Frank McLintock had already made over 200 league and cup appearances for Leicester City when, aged 24, the Scotland international moved to Arsenal in 1964.
Having moved partly due to feeling that Leicester did not match his own high ambitions for success, the centre half endured a tough start to life at Highbury, with three mid-table seasons leaving him questioning his future at the club.
Taken under the wing of new manager Bertie Mee, McLintock's legacy was to be assured with Gunners' fans as he became the on-field leader of the side that eventually claimed the double in 1971.
He was Arsenal's player of the season in Mee's first season in charge, and was made captain for the following campaign. Having been an all-action presence in the middle of the park during his career so far, injuries led Mee to call on McLintock to fill in as a central defender in 1969; it was to prove the making of the man, and the team. Commanding, committed and demanding of respect, McLintock became a more focused presence, capable of leading the team from the back.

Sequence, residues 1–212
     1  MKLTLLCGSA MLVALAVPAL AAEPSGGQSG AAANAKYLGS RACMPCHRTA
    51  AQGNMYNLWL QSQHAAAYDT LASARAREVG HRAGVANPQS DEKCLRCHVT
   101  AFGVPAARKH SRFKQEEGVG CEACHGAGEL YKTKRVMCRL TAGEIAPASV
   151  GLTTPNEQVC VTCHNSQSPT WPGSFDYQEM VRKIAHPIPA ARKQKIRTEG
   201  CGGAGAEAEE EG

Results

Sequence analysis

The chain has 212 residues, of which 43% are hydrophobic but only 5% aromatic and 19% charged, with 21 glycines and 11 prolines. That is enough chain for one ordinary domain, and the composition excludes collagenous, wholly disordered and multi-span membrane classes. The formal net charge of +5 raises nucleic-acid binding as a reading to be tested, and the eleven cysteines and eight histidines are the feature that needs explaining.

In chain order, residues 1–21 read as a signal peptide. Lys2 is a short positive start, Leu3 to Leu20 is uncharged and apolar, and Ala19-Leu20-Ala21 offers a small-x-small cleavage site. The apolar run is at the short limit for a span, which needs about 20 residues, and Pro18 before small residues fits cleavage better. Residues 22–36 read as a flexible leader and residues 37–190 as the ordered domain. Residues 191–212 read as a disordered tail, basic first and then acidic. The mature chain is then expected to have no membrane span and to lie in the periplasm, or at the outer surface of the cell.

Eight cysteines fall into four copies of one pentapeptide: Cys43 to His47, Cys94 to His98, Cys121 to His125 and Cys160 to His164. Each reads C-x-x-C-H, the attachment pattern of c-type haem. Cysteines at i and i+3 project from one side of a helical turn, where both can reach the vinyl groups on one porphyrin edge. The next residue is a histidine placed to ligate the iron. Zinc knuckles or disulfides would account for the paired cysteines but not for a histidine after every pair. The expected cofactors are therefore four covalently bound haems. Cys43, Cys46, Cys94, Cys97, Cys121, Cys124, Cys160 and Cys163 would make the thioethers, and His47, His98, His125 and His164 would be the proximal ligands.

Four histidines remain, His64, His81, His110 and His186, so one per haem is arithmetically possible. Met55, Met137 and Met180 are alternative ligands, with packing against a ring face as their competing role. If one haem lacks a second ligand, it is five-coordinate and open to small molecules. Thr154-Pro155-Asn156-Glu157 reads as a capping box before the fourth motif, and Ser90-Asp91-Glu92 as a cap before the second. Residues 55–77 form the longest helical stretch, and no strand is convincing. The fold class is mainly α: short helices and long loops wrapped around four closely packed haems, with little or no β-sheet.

He lifted Arsenal's first silverware since 1953 when leading the side to victory in the 1970 Fairs Cup, but the following season saw him etched into Arsenal folklore. The Gunners' matched Tottenham's achievement of a decade earlier, by claiming a league and FA Cup double in 1971. The league was secured with victory at White Hart Lane. A week later, at Wembley, Arsenal went 1-0 down to Bill Shankly's Liverpool in FA Cup Final extra-time. It was McLintock's fourth final at Wembley; he'd been on League Cup final losing sides twice with Leicester and once with Arsenal, and he was determined not to lose another. Eddie Kelly and Charlie George scored the goals that won the Cup; but McLintock took the credit for forcing the team to glory.
Leaving Arsenal in 1973, he made a further 150+ appearances for Queens Park Rangers, before retiring in 1977.
Clubs: Leicester City, Arsenal, Queens Park Rangers
Honours: 1 Division One Championship, 1 FA Cup, 1 Fairs Cup
Caps: 9 (Scotland)